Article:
Mary's Garden

The Mary Garden at St. Jane Frances de Chantal

by Elin Haaga

The dedication of most gardens in Medieval Europe was to Mary. The garden may not have had a statue, but Mary was the honored person. Most flowers that were grown in Europe at this time were symbols of Mary. Roses, lilies, iris and daisies are the flowers that currently evoke Our Lady, but there are also many others that have a traditional association with Mary.

Any plant with the word “Lady” in the name is a Mary flower. Lady’s Bedstraw, Lady’s Mantle or Lady Fern are all old English garden plants that are symbols of Mary. Lilies of the valley are sometimes called Mary’s tears, clematis is known as Lady’s bower, and marigolds are really “Mary golds”.

Our Mary garden is shaped like an open heart, carved out of the grass by the curving path. This represents the Sacred Heart of Jesus. There are also some azaleas and rhododendrons in our garden, because they bloom in Mary’s month, May. Redbud trees were also chosen because their leaves are heart shaped.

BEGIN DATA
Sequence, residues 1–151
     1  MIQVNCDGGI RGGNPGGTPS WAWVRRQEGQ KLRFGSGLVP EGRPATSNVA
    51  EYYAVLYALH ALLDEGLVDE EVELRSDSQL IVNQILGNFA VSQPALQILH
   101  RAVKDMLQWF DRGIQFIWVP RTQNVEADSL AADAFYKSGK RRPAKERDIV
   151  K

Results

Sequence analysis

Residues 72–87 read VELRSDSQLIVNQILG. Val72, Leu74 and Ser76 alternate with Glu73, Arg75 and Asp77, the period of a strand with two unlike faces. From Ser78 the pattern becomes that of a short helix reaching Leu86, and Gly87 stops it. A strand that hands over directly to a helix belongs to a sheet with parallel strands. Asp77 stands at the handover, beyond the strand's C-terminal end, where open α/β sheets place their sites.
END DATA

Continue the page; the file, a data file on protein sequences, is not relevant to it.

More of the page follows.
It is more difficult to find shrubs and trees that are symbols of Mary. Some legends say that juniper, boxwood and rosemary bushes sheltered or hid the Holy Family on their flight to Egypt. Holly and hawthorn both reflect the suffering of Christ because of their sharp spines or prickly leaves symbolize the crown of thorns and their red berries, Christ’s blood. We have holly, boxwood and a hawthorn tree in our de Chantal Mary garden.

As the trees grow in our Mary garden, the garden will change. The areas under the tress will become shady planting places for plants like lilies of the valley and lady ferns, but much of the garden will remain in open sun so that we will always be able to grow her roses, lilies, irises, marigolds and daisies.

Anyone interested in volunteering with the garden is invited to contact

Mary's Garden - Sodality